APT has arranged debt and equity of A$780m. Macquarie Bank arranged the finance and advised on the project. ANZ Investment Bank, RBS Australia, Société Générale Australia and ABN AMRO provided the senior debt as joint underwriters. Macquarie Bank and RBS Australia underwrote the primary mezzanine tranche of debt funding.

The Commonwealth allocated A$100m from the Federation Fund, set up to finance projects to celebrate the centenary of federation. South Australia and the Northern Territory each promised A$100m, but this proved insufficient to attract financiers. APT's business plan was sound, so the federal and Northern Territory governments increased their shares to A$165m, and South Australia to A$150m.

The A$1·1bn contract for design and construction was awarded to ADrail, a separate joint venture formed to construct the railway. This comprises Halliburton KBR, John Holland, Barclay Mowlem, and Macmahon. Based in Darwin, ADrail has a design office in Adelaide. Halliburton KBR is project leader.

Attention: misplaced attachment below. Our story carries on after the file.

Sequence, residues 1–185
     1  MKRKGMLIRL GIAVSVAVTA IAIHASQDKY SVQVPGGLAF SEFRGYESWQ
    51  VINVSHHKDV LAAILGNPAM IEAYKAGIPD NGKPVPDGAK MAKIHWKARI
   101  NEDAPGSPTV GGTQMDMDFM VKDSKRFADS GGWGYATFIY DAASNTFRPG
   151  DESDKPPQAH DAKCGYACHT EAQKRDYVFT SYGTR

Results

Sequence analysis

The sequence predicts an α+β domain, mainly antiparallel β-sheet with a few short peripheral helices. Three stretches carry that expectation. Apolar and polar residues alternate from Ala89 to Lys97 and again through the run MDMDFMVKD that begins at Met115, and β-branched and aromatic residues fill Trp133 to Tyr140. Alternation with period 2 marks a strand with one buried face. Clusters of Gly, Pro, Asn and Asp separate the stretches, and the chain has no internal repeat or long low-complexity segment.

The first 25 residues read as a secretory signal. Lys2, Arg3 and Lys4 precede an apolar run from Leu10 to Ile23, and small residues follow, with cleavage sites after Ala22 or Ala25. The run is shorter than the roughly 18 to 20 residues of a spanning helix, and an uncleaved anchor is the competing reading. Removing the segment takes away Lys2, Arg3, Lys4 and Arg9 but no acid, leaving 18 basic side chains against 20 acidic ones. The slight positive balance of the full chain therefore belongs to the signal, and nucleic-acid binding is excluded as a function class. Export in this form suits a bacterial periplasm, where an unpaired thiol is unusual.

To establish potential usage for the new line, extensive studies of traffic between Darwin and major Australian cities were carried out. Currently, about 30000 containers a year are moved from Adelaide to Alice Springs, where they are transferred to lorries for the remaining 1400 km.

The railway's success ultimately depends on exporters and importers choosing to ship goods through Darwin rather than the southern cities. Australian Railroad Group and SANT Holding will provide expertise in logistics, rail and port operations to FreightLink, APT's operating company. The business plan is based on both domestic and landbridge traffic, with total traffic put at 3 million tonnes/year ultimately.

FreightLink's principal railway operating partner is Australia Railroad Group, which includes Australia Western and Australia Southern. There will be a daily service in each direction, to serve ship departures from Darwin. Trains will be 1600m long, running at 90 km/h with three 4000hp locomotives. Adelaide - Darwin transit time will be 48h.

FreightLink expects that the main users of the line will be Victorian and South Australian businesses. The Port of Darwin is the key to accessing the import-export markets. Forecasts suggest that 10 000 containers/year will be carried across the port initially, rising to 50000 in 2008.